To pour the champagne tilt the flute at an angle and proceed to pour the champagne down the side almost in a sliding fashion. This will preserve most of the bubbles instead of creating more bubbles than wine. This is another reason why it’s important for Champagne to be served cold as it results in a reduced loss of gas. There are some glasses for sale that even advertise that they improve the loss of dissolved CO2.
When to Serve Champagne
Champagne has long been considered a celebratory drink. Many sports teams use it to celebrate a win, my wife and I have used it to celebrate various life events like our marriage, anniversaries and buying a new home. In fact when we moved into our house five years ago we spent the first night there without furniture but we were so excited to be there since it was the first house that we owned. Prior to that we lived in an apartment. I have fond memories that day of breaking all the rules and sitting on the floor of our bedroom drinking Champagne out of plastic red beer cups. I’m certain when we buy our next home, out of tradition we will probably do the same. I should note that every other time we drink Champagne it’s done so out of a flute glass and not a plastic cup or any other form of glassware.
Bottles You Should Try
First of all, you should really put an effort into sampling some not-so-well known Champagnes. The price will be lower than for bottles from big, well-known houses with huge marketing budgets, and at the end of the day it all depends on your palette. Of course, many associate a certain glamour with Champagne and they feel more glamorous themselves when they drink it. At the end of the day, it’s all up to you.
Some, more easily available Champagnes in the U.S. include:
Moët & Chandon Dom Perignon White Gold – Approx. $10,000 US
A monster of a bottle for people without a budget. At three liters, this lavish Dom Perignon, which is often considered the grandfather of Champagne houses, created this bottle for those wanting to celebrate in a grand scale and fashion. This is not your average bottle and one I’ve only personally seen once. At $12,000 the bottle is housed in a white gold sheath. If you’re looking for something less expensive but also quite lovely, try the standard bottle of Dom Perignon available at around $200.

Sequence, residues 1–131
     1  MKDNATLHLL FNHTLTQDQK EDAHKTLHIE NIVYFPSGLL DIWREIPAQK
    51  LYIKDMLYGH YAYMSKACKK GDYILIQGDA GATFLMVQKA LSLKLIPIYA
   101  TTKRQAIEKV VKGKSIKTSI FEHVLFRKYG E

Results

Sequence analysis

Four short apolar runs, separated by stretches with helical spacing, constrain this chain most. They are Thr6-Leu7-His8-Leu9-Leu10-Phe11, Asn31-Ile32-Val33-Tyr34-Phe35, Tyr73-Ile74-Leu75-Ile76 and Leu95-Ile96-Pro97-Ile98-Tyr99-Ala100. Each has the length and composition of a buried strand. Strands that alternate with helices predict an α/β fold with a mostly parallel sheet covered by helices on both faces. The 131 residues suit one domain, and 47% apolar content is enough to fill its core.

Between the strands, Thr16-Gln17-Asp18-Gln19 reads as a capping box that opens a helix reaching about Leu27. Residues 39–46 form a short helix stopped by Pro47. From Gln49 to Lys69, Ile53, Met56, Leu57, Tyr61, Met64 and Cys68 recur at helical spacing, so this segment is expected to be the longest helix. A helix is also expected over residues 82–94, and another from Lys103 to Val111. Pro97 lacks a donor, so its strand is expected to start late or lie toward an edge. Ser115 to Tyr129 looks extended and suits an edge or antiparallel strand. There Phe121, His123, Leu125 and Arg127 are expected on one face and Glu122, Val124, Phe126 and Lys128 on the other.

Pol Roger Sir Winston Churchill – Approx. $220 US
Rich, biscuity and full bodied, this bottle was introduced by Pol Roger in 1984 in honor of Sir Winston Churchill who was a longtime customer of the house. In fact, Churchill was such an avid fan of the Champagne house that he would order boxes of it to commemorate every event. It necessarily follows that when Pol Roger undertook the role of honoring their great friend and customer, no exceptions were made and they created one of the greatest and most iconic Champagnes of all time to pay homage to the man who drank more than 500 bottles in the last decade of his life alone. You can read more about Pol Roger here.
Krug Clos d’Ambonnay – Approx. $2,500
One of my favorite Champagne houses, Krug created this incredible Champagne which is made from a single grape variety, a single year and a single vineyard near the village of Ambonnay.
Champagne Armand de Brignac Ace of Spades Rosé – Approx. $475
The perfect bottle for romantic occasions, this Champagne comes in a shiny black case that once opened showcases a bright pink bottle with a rosé Champagne brightened with the addition of Pinot noir. It has distinct black current and strawberry notes and is really unlike anything you’ll ever try.
We hope you’ve enjoyed this primer on Champagne. There is so much that can be discussed on the topic but, of course, we are somewhat limited in space. Stay tuned for future articles on specific bottlings and the houses that make them.